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No Room For Compost Pile? No Problem.

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Living in an urban area makes composting difficult, especially if you live in an apartment. But if you're willing to keep your inedible leftovers in a sealed container for a week, D.C.'s Compost Cab will stop by and recycle it.

Compost Cab employee Brian Flores explains the process to a lady munching on an apple.

"What we do is we provide the pickup service and we come to your house with a compostible bag and we clean out your bucket," he says. "All your job is to separate. Like that apple core you're about to be done with, you're more than welcome to put it in here."

After people have been members for nine months, the company will bring you some nutrient rich soil from your waste.

Owner Jeremy Brosowsky says the idea is catching on with both businesses and urban dwellers.

"It is something that people seem to get, which is encouraging," he says. "It is an opportunity to build an infrastructure for urban agriculture in a way that solves a bunch of real world problems."

Compost Cab has been around since September and Brosowsky says he's helping spread the relatively simple idea to other urban areas across the U.S.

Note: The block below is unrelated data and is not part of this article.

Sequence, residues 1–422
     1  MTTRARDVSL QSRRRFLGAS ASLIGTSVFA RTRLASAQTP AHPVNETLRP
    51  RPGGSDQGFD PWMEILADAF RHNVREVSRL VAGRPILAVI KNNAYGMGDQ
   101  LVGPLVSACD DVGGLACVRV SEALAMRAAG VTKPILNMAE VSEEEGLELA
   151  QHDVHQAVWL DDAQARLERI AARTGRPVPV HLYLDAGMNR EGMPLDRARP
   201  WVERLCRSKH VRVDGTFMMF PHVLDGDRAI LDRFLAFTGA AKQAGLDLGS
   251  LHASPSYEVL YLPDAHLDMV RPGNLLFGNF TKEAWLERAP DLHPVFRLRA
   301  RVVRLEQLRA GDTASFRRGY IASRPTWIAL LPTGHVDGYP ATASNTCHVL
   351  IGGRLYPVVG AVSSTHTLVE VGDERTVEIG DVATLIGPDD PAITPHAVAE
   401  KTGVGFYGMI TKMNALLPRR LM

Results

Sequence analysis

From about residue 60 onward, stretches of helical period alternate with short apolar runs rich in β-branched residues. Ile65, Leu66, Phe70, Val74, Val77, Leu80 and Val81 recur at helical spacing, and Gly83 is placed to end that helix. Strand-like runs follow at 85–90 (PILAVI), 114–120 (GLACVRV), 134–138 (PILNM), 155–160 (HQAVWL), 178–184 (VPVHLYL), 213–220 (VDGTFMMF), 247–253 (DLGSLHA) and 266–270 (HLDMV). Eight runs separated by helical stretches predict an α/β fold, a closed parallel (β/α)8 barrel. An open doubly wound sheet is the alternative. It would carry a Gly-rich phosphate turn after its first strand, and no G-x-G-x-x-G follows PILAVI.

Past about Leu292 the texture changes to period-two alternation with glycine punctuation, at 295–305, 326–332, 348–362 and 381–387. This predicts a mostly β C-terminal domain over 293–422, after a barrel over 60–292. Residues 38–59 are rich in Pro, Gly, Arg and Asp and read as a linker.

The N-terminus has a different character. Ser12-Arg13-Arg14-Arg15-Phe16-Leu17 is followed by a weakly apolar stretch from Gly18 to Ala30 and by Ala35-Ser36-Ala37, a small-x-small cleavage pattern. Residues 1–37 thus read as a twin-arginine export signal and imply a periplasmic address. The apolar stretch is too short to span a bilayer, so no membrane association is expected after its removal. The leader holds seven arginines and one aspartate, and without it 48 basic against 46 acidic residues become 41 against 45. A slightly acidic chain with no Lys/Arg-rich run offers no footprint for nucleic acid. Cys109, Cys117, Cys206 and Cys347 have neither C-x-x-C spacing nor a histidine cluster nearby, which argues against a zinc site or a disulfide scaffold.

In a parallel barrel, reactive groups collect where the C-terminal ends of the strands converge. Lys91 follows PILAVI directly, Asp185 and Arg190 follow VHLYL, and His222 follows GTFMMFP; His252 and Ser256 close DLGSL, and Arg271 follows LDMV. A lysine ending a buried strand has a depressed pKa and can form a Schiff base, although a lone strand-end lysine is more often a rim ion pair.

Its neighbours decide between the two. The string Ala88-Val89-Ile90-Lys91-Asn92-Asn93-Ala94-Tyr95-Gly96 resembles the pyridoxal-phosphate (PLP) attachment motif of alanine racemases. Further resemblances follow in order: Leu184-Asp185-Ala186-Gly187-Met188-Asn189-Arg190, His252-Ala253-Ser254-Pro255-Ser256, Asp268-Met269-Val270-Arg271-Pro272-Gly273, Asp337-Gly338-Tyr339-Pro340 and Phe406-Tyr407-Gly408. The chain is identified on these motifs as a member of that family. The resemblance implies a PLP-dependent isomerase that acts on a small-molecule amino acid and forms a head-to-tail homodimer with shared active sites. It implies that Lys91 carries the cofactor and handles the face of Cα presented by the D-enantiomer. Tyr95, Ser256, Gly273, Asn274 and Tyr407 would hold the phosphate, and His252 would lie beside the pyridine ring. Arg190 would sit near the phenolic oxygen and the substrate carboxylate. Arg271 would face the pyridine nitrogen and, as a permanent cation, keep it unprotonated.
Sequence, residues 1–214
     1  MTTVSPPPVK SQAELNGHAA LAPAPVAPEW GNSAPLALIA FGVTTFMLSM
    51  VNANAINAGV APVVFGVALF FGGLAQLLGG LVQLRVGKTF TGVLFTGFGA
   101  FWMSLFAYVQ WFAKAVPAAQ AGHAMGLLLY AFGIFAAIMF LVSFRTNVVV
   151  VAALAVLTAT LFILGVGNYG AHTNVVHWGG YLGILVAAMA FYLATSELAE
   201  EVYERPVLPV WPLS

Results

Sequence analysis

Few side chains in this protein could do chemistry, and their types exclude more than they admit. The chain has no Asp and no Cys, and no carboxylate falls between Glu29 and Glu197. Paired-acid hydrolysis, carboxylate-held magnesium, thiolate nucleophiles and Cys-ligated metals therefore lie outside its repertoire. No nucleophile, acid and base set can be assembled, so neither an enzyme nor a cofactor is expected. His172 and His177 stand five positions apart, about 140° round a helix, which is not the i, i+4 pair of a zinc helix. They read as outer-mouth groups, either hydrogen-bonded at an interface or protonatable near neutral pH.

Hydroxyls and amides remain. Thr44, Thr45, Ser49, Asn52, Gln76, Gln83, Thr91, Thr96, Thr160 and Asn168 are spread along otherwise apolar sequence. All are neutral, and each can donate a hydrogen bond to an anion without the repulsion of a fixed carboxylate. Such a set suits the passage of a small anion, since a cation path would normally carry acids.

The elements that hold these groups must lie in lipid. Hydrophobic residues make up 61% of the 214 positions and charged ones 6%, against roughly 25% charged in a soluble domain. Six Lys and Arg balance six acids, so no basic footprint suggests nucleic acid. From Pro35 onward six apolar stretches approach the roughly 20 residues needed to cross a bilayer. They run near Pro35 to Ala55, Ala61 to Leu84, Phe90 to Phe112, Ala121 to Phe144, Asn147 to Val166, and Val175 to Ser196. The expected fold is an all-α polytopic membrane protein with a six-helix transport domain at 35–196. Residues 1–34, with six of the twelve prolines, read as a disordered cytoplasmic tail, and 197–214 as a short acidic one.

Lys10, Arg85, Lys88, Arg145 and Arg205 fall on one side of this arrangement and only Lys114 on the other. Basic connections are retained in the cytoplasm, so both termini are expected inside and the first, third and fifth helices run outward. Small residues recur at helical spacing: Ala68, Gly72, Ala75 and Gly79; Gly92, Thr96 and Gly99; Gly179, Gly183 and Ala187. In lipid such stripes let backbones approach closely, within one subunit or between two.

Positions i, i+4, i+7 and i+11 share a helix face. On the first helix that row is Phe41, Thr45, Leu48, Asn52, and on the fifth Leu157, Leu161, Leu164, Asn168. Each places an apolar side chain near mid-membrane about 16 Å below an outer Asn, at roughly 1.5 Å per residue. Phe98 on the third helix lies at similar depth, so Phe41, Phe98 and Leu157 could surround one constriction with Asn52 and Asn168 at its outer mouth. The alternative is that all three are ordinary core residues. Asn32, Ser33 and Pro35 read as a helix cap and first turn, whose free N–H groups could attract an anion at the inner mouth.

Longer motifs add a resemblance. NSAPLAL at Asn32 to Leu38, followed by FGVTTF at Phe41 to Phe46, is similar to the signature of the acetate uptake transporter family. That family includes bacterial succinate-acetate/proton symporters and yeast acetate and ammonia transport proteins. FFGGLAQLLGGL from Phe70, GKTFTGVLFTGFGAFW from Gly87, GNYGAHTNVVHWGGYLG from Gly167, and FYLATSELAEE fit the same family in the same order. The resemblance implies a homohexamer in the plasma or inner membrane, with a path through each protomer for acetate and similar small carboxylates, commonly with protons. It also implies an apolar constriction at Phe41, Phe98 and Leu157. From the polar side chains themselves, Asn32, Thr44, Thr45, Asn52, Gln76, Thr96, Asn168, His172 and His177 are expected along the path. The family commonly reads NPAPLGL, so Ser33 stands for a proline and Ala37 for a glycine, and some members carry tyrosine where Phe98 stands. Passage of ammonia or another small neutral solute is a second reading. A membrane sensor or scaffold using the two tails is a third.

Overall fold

NPR

'Never Crossing The Botox Rubicon': Amanda Peet Explores Aging In Hollywood

NPR's Kelly McEvers speaks with actress Amanda Peet about her Lenny Letter essay, "Never Crossing The Botox Rubicon," and how to navigate aging in the image-obsessed entertainment industry.
NPR

When It Came To Food, Neanderthals Weren't Exactly Picky Eaters

During the Ice Age, it seems Neanderthals tended to chow down on whatever was most readily available. Early humans, on the other hand, maintained a consistent diet regardless of environmental changes.
NPR

Donald Trump Delivers Keynote At California GOP Convention

Donald Trump gave the keynote address Friday afternoon at the California Republican convention. He's trying to lock-up the party's presidential nomination, and California could put him over the top.
NPR

Apple's Lousy Week Could Signal Times Of Trouble For Tech Giant

Apple got hit with a lot of bad news this week. First, the company posted its first quarterly revenue drop since 2003. And then billionaire activist investor Carl Icahn revealed that he has dumped all of his shares in Apple. NPR explores whether the company is really in trouble or if is this all just a bump in the road.

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